Estraven’s chapters take on a journalistic tone since they are journal entries. The mythological stories have a folk tale tone.
The narrative can also be seen as a Bildungsroman or coming of age story of Genly as his journey of transformation.
The Plot in a Nutshell
The plot consists of 3 major sections and a brief conclusion. The first section is set in Karhide, the second in Orgoreyn, the third on the Gobrin Ice and the conclusion is set in Karhide.
In a nutshell it is the story of an icy snowbound planet called Gethen (Winter) where a solitary envoy from the Ekumen, Genly Ai is sent to try and persuade the inhabitants of Gethen to join a federation of nations for the purpose of expanding trade and an interplanetary alliance. Gethen is an isolated and harsh world of ice and snow whose inhabitants are unique in their physiology as they are androgynous beings; neither male nor female. Unfortunately Genly discovers two hostile nations, Karhide and Orgoreyn gearing up for war and his arrival feeds the rivalries between the two states.
In Karhide, King Argaven is reluctant to accept Genly’s diplomatic mission. In Orgoreyn, Genly is seemingly accepted more easily by the political leaders, yet he is arrested, stripped of his clothes, drugged, and sent to a work camp.
Rescued by Estraven, the deposed Prime Minister of Karhide, Genly realizes that cultural differences, specifically shifgrethor, gender roles and Gethenian sexuality, had kept him from understanding their relationship previously.
During their 80-day journey across the frozen land of the Gobrin Ice to return to Karhide, Genly learns to understand and love Estraven and is able to fulfill his mission to join Karhide and Orgoreyn within the federation of the Ekumen.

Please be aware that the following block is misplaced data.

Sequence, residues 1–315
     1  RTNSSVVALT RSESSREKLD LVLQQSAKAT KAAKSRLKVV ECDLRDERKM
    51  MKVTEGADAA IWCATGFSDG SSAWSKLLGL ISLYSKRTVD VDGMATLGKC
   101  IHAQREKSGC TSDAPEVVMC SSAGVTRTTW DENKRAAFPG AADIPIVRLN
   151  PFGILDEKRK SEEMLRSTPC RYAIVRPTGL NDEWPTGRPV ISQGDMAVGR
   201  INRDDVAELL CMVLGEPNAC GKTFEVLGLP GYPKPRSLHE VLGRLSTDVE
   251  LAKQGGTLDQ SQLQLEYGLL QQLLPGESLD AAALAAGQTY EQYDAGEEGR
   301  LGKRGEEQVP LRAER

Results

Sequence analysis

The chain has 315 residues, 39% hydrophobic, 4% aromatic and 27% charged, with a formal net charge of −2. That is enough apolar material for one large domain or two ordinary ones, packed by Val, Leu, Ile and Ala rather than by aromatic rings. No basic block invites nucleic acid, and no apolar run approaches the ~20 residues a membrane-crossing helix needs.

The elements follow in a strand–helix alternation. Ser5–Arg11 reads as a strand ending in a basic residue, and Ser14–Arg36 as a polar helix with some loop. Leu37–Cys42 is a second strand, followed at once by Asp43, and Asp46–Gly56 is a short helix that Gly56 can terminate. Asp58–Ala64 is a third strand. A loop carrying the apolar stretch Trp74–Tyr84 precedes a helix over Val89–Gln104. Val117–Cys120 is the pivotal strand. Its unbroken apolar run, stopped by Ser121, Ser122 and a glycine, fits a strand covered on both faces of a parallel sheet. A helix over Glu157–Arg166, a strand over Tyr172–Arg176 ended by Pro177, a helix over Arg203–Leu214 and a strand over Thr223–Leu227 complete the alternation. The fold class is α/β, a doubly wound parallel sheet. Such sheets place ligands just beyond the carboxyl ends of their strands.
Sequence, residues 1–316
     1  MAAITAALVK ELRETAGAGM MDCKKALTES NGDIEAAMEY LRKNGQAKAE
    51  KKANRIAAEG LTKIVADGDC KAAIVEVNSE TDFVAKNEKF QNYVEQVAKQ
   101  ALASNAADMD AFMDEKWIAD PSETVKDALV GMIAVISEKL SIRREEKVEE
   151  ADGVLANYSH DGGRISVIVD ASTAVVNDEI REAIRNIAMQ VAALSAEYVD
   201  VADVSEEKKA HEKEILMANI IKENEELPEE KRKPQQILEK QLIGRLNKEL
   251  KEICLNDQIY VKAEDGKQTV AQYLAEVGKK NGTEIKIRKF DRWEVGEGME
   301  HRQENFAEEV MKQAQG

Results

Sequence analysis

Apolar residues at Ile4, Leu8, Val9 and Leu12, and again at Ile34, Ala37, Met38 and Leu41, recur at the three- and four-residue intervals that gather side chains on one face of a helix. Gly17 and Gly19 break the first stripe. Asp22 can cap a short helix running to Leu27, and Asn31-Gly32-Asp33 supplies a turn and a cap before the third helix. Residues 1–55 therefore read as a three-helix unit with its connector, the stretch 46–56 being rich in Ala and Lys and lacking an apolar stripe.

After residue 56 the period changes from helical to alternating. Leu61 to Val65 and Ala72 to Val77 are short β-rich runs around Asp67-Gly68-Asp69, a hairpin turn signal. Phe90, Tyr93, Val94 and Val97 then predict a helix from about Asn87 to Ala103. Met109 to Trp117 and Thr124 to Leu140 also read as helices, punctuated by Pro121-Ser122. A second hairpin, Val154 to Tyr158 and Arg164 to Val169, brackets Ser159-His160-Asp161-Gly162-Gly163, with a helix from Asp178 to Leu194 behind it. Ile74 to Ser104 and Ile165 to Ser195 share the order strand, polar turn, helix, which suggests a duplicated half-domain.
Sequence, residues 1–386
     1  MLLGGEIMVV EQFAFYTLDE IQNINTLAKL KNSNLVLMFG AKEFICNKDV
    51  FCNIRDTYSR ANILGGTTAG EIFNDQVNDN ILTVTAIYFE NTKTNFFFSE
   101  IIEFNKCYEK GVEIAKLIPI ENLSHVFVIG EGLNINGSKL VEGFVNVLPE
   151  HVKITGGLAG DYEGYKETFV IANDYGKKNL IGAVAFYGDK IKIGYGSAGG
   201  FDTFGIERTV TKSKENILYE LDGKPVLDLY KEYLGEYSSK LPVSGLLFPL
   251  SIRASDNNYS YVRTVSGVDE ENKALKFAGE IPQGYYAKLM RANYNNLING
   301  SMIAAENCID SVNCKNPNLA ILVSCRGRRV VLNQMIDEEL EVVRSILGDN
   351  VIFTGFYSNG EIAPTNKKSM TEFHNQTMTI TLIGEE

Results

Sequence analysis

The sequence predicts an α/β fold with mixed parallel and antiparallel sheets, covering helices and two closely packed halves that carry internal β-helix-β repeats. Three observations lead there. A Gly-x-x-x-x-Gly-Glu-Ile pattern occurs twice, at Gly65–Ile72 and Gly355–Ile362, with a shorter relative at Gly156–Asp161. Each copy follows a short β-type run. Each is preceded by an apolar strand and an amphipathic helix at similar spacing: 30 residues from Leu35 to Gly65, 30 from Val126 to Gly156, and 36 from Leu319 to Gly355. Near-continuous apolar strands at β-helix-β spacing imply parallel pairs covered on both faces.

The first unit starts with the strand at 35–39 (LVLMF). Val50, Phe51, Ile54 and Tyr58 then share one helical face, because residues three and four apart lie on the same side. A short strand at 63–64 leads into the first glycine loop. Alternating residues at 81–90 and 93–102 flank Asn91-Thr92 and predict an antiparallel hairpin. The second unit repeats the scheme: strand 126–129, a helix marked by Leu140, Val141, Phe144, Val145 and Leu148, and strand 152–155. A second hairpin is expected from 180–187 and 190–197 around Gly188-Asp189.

Language / communication / storytelling / gender / politics/ religion / fear of difference & fear of change / the ‘other’ / acceptance / duty / man & the natural world / warfare / love / human relationships / dualism / yin & yang / unity / loyalty / betrayal / honour / ethnic differences /respecting differences / sexuality/ androgyny
Symbols and Motifs
Shadows / light / darkness / the ansible [communication device] / religious teachings / keystone / yin & yang / shifgrethor [equality or honour]
Characters – Major
Genly Ai = the first Envoy of the Ekumen on Gethen. He is the protagonist of the novel, a native of Terra (Earth).
Estraven, Therem Harth rem ir = is a Gethenian from the Domain of Estre in Kerm Land in the southern part of the Kardish continent. He is Prime Minister of Karhide at the beginning of the novel.
Argaven, Harge XV = is the King of Karhide during the events of the novel.
Tibe, Pemmer Harge rem ir = is Argaven’s cousin and later becomes Prime Minister of Karhide when Estraven is exiled.
Obsle, Yegey, Shusgis = are Commensals that rule Orgoreyn.
Faxe, The Weaver = is a Foreteller of Otherhord
Ashe = is Estraven’s former kemmering
Characters – Minor
Goss = helps Genly find his way to the Fastnesses
Mavriva = is a fur trader who helps Estraven
Thessicher = is a old friend of Estraven but later betrays him
Arek = is Estraven’s dead brother
Sorth = is Estraven’s son
Esvans = is Estraven’s father